How merger deals will change insurance rankings
A visual image of how a spate of mergers and acquisitions will impact the global reinsurance market has been produced by Aon Benfield.
It shows a combined XL/Catlin entity moving ahead of Hannover Re, by way of comparison, in rankings based on premiums.
Hannover Re reported $12.4 billion in net premium earned last year and has long been regarded as the world’s third largest reinsurance company.
The Axis/PartnerRe combination will elevate the new entity into Aon Benfield’s top ten list of reinsurance companies based on premiums, while the combination of Endurance and Montpelier Re would place the new entity ahead of Allied World and Aspen on the list.
The merger of RenaissanceRe and Platinum Underwriter Holdings, a $1.9 billion deal which closed last month, places the resulting entity in the lower reaches of the listings among companies with annual premiums of $5 billion or below.
Aon Benfield, which is part of reinsurance intermediary and capital advisor Aon, in its latest “Reinsurance Market Outlook” report points to the emergence of reinsurance-supported growth.
Global reinsurance capital now stands at an estimated record of $575 billion, with alternative capital accounting for $68 billion of that total. The report notes that the alternative capital trajectory is on track to hit $150 billion by the end of 2018.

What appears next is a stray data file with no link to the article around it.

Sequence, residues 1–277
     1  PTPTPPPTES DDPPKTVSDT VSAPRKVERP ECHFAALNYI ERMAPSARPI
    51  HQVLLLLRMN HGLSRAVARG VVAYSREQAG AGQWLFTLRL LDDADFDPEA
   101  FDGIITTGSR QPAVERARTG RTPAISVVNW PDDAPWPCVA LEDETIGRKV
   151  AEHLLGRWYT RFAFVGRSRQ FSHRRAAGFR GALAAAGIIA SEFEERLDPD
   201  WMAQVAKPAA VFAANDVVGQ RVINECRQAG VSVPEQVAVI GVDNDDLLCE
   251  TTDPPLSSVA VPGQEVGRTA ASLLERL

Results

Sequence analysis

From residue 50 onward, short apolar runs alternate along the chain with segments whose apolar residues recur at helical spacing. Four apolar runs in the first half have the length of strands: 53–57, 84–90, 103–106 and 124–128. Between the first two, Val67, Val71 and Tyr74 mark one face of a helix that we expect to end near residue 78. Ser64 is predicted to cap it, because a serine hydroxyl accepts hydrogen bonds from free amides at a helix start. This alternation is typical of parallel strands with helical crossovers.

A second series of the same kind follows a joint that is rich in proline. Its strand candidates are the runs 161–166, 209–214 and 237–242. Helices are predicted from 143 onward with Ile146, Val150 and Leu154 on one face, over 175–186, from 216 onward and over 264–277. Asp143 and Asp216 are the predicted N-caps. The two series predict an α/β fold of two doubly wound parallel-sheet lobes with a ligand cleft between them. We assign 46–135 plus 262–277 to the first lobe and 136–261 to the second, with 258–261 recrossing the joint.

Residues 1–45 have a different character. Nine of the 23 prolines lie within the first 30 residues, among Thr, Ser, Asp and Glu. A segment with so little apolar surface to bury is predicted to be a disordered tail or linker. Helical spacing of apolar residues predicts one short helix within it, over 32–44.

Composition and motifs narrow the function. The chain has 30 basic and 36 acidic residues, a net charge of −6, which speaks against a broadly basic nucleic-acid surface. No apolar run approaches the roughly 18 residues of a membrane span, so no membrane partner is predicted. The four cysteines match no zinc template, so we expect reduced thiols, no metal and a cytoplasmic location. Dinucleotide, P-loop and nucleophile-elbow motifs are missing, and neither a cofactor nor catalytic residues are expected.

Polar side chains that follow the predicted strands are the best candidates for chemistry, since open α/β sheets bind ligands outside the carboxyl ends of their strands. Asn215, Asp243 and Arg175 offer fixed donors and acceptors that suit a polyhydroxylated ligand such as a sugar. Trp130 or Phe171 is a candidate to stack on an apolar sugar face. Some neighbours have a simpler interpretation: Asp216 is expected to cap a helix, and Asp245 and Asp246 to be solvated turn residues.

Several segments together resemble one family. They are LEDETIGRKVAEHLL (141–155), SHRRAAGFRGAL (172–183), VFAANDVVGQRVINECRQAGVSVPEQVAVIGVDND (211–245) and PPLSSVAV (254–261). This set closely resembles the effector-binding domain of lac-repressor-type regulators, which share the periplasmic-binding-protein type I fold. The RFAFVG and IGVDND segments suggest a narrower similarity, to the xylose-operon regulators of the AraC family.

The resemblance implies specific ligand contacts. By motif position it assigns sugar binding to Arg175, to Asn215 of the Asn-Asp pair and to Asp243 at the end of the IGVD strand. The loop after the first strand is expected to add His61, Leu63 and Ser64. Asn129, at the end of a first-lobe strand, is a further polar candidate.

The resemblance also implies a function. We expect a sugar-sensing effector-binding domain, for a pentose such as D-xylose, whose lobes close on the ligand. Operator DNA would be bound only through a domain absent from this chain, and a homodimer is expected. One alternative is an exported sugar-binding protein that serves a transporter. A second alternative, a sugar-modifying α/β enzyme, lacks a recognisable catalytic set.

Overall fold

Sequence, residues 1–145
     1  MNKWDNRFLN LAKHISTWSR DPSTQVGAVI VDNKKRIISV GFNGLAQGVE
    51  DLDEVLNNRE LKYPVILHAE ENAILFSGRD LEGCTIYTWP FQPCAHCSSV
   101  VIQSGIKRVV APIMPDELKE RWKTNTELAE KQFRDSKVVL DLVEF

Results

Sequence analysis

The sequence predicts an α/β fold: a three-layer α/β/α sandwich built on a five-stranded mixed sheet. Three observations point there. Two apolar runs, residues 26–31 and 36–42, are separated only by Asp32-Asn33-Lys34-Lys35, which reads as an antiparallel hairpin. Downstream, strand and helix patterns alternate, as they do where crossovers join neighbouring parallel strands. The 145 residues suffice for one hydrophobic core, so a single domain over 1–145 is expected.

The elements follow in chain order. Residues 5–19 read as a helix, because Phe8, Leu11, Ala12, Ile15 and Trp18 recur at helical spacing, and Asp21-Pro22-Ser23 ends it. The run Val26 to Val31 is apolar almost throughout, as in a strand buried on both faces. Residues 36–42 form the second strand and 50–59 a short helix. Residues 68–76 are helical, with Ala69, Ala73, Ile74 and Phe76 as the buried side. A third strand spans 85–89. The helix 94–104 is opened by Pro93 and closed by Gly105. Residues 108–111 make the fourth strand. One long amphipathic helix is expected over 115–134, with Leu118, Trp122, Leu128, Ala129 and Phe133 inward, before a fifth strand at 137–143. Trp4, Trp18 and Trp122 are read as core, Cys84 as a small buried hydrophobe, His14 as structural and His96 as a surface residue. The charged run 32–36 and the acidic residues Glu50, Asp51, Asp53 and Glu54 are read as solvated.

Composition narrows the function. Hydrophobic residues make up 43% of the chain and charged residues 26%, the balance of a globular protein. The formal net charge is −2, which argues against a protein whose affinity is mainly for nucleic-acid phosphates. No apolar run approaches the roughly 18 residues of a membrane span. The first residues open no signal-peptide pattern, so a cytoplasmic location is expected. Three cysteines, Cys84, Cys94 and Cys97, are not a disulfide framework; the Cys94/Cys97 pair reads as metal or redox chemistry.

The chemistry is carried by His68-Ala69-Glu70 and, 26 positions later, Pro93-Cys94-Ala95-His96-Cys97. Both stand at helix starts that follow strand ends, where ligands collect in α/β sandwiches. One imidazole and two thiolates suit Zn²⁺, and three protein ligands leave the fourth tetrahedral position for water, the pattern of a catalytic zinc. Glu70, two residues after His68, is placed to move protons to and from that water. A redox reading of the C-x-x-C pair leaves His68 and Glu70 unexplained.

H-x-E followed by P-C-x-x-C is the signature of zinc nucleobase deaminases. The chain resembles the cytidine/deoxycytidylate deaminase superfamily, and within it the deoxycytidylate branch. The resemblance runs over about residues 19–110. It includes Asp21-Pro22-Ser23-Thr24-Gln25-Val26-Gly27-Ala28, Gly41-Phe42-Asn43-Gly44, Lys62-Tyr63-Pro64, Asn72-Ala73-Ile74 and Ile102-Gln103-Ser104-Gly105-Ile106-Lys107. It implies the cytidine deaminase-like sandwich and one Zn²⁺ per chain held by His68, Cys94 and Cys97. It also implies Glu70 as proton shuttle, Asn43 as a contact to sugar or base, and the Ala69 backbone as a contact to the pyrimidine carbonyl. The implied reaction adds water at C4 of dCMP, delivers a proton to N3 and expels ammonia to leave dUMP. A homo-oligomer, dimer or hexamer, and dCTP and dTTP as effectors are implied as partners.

The first quarter of 2015 saw catastrophe bond issuance hit a record $1.7 billion. The report said that, as previously predicted, “evidence of the next most likely disruptive move of alternative capital into property insurance (rather than casualty reinsurance) has materialised in the form of new primary carrier and broker partnerships”.
Ahead of the June and July renewal cycles, Aon Benfield is anticipating “greater reinsurance utilisation as insurers capitalise on reinsurance-supported growth opportunities”.
The report also highlights more private traditional reinsurance and alternative capital featuring in the insurance coverage portfolio of Florida Citizens Property Insurance Corporation. The US government entity has increased its capacity from the reinsurance market substantially for each of the past four years. In 2011 the private risk transfer was $580 million, however a diagram that featured at a Citizen’s board meeting last month suggests reinsurance purchases of $4.05 billion this year, according to Aon Benfield.
The Florida Hurricane Catastrophe Fund, another government entity, is also evaluating buying up to $2.2 billion of additional risk finance. Last month the fund received approval to explore risk transfer options in the private market, something it has not done since it was formed in 1993 — a year after Hurricane Andrew proved to be the costliest hurricane in US history (now the fifth costliest) when it hit the state as a category 5 hurricane.
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